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Suppose we have class PersonModel, user edits a detail form in the browser and hits the submit button.

How to write a controller logic to create an UPDATE SqlComand (no EF) and update only those of fields from class PersonModel (FirstName, LastName, Age...) which have been changed. What should be an argument of the /Person/Edit/<id> controller?

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Why are you not using an ORM? That's silly in this day and age, because it handles all this for you. You may start a project thinking that an ORM is overkill, and then as it progresses, you end up writing way more code this way. – Erik Funkenbusch Dec 8 '11 at 17:10
up vote 2 down vote accepted

You don't do anything special to your MVC code, and you don't add any special URL parameters.

If you only want to update the changed fields, then you have to write a lot of code. You have to get the current record, compare each of your models fields to the records fields, figure out which ones have changed, then you have to construct a SQL statement based on the changed fields, then update it, making sure to use optomistic record locking to insure the field has not changed between when you retrieved it and when you update it.

This is probably going to be a couple hundred lines of code. Or it could be one line of code if you were using an ORM.

Also, keep in mind you need to use parameterized statements as well, to insure against a SQL injection attack (something you get for free in an ORM as well).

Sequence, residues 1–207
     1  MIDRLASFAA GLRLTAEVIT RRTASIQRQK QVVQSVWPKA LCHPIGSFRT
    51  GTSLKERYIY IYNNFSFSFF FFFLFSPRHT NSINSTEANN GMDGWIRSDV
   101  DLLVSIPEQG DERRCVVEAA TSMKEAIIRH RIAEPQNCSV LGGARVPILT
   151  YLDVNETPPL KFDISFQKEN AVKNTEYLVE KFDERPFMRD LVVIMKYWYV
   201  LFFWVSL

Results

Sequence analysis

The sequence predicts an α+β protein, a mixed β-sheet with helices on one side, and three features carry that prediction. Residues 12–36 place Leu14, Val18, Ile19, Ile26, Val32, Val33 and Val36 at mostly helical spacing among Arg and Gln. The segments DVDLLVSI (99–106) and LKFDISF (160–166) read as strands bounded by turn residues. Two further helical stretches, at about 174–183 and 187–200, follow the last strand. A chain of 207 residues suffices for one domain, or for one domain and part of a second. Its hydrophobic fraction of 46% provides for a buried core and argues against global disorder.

Good luck, I certainly am not going to write it.

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What I would suggest is that you don't use the generalized PersonModel which I assume is a 1:1 representation of your data model. You should create a watered down view model of with only the fields you care about. Then use something like AutoMapper to map the ViewModel back to your DomainModel.

Here is a reference on how to use AutoMapper for such a scenario.

How to cross map objects using AutoMapper

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You may use Linq and let the datacontext do everything for you. In the Model you just create your data class with the linq queries for the update, retrieve the object, set all the values that have been passed from the view in the object you've retrieved (you'll have to do this anyway, since the pattern decouples the view from the model | Remember too, that MVC implements observer for letting the view to know about changes in the model, so you can't know what was modified in the view from the controller), and then you call the DataContext.SubmitChanges(); method. The data context will do the job in its own. It will know what to change and modify and will make the most performant query.

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He said he's not using Entity Framework (and I assume no other kind of ORM), he wants to generate SQL statements using SqlCommand. – Erik Funkenbusch Dec 8 '11 at 17:16
Linq is not EF! – JuanC Dec 8 '11 at 17:18
Also Linq != Linq To Sql – thiagoleite Dec 8 '11 at 17:21
What part of "no other kind of ORM" didn't you understand? Linq-to-sql is another kind of ORM. – Erik Funkenbusch Dec 8 '11 at 17:24
Where did you read "no other kind of ORM"? Because I read the Answer again and again and again and I can't really find that. That's just one assumption you are making. – JuanC Dec 8 '11 at 17:47

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